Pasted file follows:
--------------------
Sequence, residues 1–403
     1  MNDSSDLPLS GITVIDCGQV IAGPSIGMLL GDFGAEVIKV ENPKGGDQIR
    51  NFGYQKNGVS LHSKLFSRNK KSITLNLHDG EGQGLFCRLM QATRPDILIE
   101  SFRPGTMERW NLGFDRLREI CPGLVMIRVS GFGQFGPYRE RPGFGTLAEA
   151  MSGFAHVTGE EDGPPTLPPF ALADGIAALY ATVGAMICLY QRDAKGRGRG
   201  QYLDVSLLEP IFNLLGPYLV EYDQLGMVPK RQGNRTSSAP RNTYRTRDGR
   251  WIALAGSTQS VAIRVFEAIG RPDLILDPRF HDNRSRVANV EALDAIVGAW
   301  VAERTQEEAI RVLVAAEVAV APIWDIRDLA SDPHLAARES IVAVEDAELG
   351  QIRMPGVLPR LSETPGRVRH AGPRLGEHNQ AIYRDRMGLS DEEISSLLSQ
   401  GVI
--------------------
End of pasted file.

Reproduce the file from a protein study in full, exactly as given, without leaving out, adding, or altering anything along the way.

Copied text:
Sequence, residues 1–403
     1  MNDSSDLPLS GITVIDCGQV IAGPSIGMLL GDFGAEVIKV ENPKGGDQIR
    51  NFGYQKNGVS LHSKLFSRNK KSITLNLHDG EGQGLFCRLM QATRPDILIE
   101  SFRPGTMERW NLGFDRLREI CPGLVMIRVS GFGQFGPYRE RPGFGTLAEA
   151  MSGFAHVTGE EDGPPTLPPF ALADGIAALY ATVGAMICLY QRDAKGRGRG
   201  QYLDVSLLEP IFNLLGPYLV EYDQLGMVPK RQGNRTSSAP RNTYRTRDGR
   251  WIALAGSTQS VAIRVFEAIG RPDLILDPRF HDNRSRVANV EALDAIVGAW
   301  VAERTQEEAI RVLVAAEVAV APIWDIRDLA SDPHLAARES IVAVEDAELG
   351  QIRMPGVLPR LSETPGRVRH AGPRLGEHNQ AIYRDRMGLS DEEISSLLSQ
   401  GVI